Shake Shack says it will return $10 million PPP loan

The burger chain Shake Shack says it will return a small-business loan it got to help weather the coronavirus crisis after topping up its funding.

The company's CEO, Randy Garutti, and its founder Danny Meyer said Monday the chain has laid off or furloughed hundreds of its employees and needed the assistance.

In a statement they said they were able to get extra funding late last week through an "equity transaction" and decided to immediately return the $10 million paycheck protection loan obtained through the CARES Act.

They said Shake Shack was returning the money "so that those restaurants who need it most can get it now."

Government small business lending program on hold after reaching lending limit

The burger chain isn't the first to come under fire for accepting the loan. Steakhouse chain Ruth's Chris reportedly received $20 million; they have not responded to calls or emails. National sandwich chain Potbelly's confirmed it received $10 million in PPP money, which it said will go toward its employees.

Read the full statement from Shake Shack below:
A letter from Danny Meyer and Randy Garutti

On March 27, when both branches of Congress and the White House came to an agreement to provide sweeping financial assistance via the $2.2 trillion CARES Act, many of us in the restaurant industry cheered with a big sigh of relief. This pandemic, and the consequential shut-down of an entire industry that relies upon the gathering of people - at a moment when people cannot gather- had already shown that no restaurant is unsinkable. With slim margins in our industry to begin with, restaurants of all sizes and flavors were vulnerable and laying off people by the hundreds. Indeed, both Shake Shack and Union Square Hospitality Group needed to make those tough decisions too, furloughing or laying off hundreds of team members throughout our respective companies-one a publicly traded company, the other an independent restaurant group.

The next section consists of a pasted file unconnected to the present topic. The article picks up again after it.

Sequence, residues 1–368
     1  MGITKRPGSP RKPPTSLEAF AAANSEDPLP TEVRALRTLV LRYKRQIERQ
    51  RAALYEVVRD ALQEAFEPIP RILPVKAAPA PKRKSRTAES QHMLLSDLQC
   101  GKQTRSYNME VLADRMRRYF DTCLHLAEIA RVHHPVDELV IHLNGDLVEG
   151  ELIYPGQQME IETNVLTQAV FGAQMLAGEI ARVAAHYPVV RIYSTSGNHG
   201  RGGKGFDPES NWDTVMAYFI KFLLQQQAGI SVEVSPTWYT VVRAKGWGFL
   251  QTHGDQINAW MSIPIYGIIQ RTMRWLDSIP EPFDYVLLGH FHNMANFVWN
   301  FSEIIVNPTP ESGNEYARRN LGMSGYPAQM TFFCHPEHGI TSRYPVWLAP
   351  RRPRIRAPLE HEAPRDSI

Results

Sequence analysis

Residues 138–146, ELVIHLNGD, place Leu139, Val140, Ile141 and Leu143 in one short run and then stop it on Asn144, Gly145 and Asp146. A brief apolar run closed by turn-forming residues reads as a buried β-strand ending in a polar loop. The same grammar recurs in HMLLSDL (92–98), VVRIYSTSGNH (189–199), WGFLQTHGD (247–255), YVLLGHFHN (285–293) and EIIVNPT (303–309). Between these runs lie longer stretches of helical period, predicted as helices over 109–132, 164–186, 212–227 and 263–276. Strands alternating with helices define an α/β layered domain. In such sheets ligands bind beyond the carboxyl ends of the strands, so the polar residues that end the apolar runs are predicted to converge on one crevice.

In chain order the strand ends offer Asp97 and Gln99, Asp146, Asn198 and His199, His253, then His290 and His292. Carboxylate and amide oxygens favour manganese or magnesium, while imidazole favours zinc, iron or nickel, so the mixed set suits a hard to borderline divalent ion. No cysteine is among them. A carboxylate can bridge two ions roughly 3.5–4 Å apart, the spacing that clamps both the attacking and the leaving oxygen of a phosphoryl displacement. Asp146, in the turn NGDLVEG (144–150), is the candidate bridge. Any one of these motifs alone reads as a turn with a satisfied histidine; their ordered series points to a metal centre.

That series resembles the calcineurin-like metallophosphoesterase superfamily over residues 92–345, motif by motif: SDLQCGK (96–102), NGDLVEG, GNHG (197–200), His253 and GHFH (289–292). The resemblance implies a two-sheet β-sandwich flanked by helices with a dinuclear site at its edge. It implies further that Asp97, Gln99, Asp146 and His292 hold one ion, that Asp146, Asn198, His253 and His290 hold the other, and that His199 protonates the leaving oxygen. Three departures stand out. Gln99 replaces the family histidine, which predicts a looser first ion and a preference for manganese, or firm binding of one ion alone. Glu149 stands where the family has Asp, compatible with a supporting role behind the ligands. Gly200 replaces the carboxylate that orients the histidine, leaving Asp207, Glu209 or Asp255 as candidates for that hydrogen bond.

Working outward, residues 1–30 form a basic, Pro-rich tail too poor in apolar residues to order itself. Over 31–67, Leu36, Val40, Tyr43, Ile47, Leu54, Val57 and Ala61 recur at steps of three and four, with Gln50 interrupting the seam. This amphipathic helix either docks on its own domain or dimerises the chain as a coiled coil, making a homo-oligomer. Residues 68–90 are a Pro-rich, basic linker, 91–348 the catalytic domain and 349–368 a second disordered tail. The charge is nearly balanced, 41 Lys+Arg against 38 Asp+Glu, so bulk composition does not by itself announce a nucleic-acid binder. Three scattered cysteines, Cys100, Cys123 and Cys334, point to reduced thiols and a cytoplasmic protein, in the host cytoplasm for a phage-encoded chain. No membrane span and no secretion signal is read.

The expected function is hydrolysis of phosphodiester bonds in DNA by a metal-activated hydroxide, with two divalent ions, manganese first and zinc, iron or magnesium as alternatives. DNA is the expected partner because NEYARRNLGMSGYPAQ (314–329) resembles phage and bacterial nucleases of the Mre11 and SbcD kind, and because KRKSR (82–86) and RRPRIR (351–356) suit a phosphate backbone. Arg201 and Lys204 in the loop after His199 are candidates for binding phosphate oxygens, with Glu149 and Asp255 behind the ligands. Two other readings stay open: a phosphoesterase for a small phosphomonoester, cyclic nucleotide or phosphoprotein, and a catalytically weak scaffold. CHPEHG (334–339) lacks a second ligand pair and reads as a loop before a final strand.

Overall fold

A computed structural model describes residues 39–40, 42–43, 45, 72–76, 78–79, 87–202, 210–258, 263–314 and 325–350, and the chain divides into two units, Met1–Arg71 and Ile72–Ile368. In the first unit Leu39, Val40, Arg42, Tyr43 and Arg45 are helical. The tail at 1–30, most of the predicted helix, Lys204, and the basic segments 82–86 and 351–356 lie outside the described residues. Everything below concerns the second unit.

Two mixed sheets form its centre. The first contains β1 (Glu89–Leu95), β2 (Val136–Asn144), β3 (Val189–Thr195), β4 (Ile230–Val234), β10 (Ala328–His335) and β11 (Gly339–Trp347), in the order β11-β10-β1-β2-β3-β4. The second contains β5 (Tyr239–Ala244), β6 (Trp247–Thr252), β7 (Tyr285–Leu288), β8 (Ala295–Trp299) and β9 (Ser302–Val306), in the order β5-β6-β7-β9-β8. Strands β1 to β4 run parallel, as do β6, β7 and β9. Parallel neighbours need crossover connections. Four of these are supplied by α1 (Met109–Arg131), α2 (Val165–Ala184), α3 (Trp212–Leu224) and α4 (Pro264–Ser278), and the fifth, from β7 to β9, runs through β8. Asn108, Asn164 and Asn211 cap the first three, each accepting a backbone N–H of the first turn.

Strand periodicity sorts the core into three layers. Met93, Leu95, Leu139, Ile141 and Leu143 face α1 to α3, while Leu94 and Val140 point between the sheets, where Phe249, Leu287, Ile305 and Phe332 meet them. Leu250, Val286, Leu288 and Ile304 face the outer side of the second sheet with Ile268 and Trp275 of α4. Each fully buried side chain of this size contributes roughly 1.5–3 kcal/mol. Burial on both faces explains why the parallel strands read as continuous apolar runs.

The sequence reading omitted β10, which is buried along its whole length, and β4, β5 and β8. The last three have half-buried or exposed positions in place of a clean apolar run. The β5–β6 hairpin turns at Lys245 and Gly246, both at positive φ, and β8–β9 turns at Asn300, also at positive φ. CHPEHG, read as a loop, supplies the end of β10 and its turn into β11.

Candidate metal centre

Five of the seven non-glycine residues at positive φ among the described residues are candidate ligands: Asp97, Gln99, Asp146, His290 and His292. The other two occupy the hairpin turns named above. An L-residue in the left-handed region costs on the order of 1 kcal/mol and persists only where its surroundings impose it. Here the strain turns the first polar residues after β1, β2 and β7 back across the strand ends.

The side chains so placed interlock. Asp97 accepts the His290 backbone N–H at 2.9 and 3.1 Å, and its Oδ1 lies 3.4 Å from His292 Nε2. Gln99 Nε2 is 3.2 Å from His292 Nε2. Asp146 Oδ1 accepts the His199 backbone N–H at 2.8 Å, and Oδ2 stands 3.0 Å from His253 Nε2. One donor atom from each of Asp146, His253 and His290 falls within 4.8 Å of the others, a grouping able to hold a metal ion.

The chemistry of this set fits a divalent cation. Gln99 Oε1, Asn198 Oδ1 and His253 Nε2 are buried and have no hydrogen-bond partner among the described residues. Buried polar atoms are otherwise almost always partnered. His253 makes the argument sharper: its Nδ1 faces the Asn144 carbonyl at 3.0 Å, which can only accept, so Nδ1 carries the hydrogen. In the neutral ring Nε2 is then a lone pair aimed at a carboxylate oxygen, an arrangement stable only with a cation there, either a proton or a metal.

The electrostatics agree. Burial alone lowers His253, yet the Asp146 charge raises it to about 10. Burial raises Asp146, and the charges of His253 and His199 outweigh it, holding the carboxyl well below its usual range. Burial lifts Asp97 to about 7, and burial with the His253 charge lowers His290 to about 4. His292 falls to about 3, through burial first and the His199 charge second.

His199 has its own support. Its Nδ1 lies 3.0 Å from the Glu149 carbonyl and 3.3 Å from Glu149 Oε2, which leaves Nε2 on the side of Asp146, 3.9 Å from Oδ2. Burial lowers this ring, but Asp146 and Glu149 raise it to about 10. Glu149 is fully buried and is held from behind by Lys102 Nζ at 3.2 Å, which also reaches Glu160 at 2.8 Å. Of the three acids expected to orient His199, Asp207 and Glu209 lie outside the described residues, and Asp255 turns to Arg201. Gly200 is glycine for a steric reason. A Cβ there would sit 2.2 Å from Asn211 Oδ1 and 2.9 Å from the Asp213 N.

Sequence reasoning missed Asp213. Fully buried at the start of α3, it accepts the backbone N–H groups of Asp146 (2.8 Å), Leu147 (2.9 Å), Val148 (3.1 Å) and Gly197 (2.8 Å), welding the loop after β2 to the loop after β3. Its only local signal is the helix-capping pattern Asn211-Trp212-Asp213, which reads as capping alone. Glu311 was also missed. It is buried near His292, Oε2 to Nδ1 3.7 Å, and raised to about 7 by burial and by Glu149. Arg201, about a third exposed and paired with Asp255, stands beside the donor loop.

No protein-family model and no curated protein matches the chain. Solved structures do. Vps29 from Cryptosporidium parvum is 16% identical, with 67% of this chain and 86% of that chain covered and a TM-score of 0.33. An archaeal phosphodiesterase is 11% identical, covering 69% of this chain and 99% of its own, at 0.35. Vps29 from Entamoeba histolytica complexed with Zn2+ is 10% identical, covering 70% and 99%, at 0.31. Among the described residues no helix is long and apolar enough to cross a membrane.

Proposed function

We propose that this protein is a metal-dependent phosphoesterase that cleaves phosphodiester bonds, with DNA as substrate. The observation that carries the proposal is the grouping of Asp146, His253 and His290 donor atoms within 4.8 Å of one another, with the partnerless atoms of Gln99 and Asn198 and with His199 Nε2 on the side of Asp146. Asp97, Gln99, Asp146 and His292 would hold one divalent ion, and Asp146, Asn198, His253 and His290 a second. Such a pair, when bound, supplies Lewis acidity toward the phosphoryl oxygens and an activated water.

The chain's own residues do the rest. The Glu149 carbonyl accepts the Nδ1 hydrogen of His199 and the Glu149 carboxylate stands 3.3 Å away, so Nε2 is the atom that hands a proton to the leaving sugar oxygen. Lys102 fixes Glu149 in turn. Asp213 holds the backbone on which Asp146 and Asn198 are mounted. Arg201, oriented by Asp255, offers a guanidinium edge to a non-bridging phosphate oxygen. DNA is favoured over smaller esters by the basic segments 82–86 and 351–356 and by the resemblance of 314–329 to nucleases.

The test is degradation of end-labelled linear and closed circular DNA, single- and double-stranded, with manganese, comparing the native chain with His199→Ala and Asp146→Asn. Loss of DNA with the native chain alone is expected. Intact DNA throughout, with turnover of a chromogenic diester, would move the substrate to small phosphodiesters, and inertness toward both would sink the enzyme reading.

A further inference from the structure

Restaurants function as the lifeblood of the U.S. economy and the nation's spirit. The bulk of the over $800 billion that restaurant-goers spend on dining out flows right back into the economy with much of that impact going to the very small businesses this PPP loan was intended to reach. The CARES Act was touted as the largest economic stimulus package in U.S. history and on its initial face, for restaurants, there seemed to be a lot to like in the bill.

With the country facing a prospective permanent loss of restaurants up and down the food chain, the bill arrived just in the nick of time. The onus was placed on each business to figure out how, when, or even if to apply. The "PPP" came with no user manual and it was extremely confusing. Both Shake Shack (a company with 189 restaurants in the U.S., employing nearly 8,000 team members) and Union Square Hospitality Group (with over 2,000 employees) arrived at a similar conclusion. The best chance of keeping our teams working, off the unemployment line and hiring back our furloughed and laid off employees, would be to apply now and hope things would be clarified in time.

While the program was touted as relief for small businesses, we also learned it stipulated that any restaurant business - including restaurant chains - with no more than 500 employees per location would be eligible. We cheered that news, as it signaled that Congress had gotten the message that as both as an employer, and for the indispensable role we play in communities, restaurants needed to survive. There was no fine print, anywhere, that suggested: "Apply now, or we will run out of money by the time you finally get in line."

Few, if any restaurants in America employ more than 500 people per location. That meant that Shake Shack - with roughly 45 employees per restaurant - could and should apply to protect as many of our employees' jobs as possible. The immediate drop in business due to the virus had caused the company to face operating losses of over $1.5 million each week, simply by keeping our doors open with the goal of paying our people and feeding our communities. Our teams have been heroic, pivoting our business to a new curbside pickup and delivery model, while keeping our teams and guests at a safe distance.